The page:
(iii) a fixed amount of hydraulic fluid for inflating said expandable bladder under influence of said vertically operable piston means responsive to said electro-hydraulic control system, said fluidic spring amplifying the amplitude of the seismic signals generated by inflation of said expandable bladder.
2. The downhole seismic source of claim 1 wherein said vertically operable piston means comprises a first piston head reciprocated within a first cylindrical chamber by fluid pressure.
3. The downhole seismic source of claim 2 wherein the fluid pressure within said first cylindrical chamber is supplied by a hydraulic pump operated by an electric motor, said hydraulic pump and said electric motor each being contained within said housing.
4. The downhole seismic source of claim 3 wherein said electrohydraulic control means further comprises an electrohydraulic valve for alternately connecting said pump to a first side of said first piston head and a second side of said first piston head to a fluid reservoir.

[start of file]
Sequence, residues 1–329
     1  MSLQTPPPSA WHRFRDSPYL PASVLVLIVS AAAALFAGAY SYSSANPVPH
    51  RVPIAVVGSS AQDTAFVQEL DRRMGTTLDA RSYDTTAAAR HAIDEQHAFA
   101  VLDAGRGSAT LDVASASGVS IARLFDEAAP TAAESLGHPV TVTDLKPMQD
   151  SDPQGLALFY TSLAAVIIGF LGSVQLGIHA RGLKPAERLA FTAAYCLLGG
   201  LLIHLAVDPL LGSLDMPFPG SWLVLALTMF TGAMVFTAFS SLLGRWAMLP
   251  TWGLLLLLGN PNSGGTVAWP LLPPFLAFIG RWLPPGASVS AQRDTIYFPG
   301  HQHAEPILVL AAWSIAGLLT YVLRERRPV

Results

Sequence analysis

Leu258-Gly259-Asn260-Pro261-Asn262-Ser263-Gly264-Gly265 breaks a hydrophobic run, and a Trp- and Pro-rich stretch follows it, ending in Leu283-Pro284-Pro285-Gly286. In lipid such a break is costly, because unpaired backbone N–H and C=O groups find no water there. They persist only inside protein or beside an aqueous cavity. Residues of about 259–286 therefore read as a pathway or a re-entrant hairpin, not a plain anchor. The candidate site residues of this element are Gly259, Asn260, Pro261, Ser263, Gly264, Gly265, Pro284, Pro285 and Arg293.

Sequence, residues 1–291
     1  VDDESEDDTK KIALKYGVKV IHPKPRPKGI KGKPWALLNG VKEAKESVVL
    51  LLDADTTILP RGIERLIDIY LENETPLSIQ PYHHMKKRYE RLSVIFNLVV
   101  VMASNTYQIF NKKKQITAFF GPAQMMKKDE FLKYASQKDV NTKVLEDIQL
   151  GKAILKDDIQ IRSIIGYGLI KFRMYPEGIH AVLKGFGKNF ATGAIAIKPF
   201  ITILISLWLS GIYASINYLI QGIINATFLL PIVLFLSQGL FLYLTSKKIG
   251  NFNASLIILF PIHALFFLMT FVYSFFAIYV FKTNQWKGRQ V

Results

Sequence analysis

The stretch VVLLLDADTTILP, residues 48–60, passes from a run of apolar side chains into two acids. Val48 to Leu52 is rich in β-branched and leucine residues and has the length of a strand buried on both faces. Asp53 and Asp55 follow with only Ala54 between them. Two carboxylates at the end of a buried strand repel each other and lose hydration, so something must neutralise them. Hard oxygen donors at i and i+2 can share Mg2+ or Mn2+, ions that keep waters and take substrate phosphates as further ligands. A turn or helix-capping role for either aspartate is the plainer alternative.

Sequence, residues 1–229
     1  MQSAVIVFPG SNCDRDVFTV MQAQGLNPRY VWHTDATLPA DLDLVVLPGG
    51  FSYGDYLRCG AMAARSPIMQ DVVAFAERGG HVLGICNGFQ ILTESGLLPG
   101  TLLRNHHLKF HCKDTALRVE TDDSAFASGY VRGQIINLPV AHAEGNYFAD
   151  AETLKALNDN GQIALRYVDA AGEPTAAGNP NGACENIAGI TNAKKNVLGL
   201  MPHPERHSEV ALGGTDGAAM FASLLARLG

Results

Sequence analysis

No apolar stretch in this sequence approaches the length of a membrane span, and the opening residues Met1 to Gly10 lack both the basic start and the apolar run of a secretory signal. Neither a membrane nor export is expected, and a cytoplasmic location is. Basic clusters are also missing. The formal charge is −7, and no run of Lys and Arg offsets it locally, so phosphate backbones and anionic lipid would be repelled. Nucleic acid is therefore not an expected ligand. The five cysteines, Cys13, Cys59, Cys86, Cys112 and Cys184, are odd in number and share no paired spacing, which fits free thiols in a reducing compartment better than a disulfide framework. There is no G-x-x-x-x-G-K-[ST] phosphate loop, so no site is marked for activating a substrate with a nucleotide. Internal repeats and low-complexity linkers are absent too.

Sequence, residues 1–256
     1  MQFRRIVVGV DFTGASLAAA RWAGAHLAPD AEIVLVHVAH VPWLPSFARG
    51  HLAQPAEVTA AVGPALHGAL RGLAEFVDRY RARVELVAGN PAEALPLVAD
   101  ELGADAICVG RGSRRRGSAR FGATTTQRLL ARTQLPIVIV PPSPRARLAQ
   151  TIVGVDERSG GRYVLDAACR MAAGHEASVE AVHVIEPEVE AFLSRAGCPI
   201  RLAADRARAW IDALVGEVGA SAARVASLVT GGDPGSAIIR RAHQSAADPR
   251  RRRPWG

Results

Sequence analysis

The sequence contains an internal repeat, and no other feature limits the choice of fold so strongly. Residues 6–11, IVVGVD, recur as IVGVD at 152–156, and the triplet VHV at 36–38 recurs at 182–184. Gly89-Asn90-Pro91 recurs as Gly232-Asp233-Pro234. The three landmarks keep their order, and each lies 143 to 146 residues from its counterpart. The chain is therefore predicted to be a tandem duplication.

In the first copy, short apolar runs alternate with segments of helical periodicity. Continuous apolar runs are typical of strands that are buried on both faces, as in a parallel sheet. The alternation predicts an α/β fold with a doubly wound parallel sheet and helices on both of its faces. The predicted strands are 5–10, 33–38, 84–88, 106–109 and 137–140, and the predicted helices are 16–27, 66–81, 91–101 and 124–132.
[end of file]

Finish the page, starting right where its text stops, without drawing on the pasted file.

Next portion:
5. The downhole seismic source of claim 4 wherein said vertical piston means further comprises a second piston head interconnected to said first piston head and reciprocated within a second cylindrical chamber to compress said fixed portion of hydraulic fluid inflating said expandable bladder to generate said seismic signals.
6. The downhole seismic source of claim 5 wherein said second piston head alternatively compress said fluidic spring on its upward stroke and said fixed portion of hydraulic fluid on its downward stroke.
7. The downhole seismic source of claim 6 wherein said second piston head comprises a free piston which is interconnected to said first piston head by an electromagnet which is fixedly attached thereto.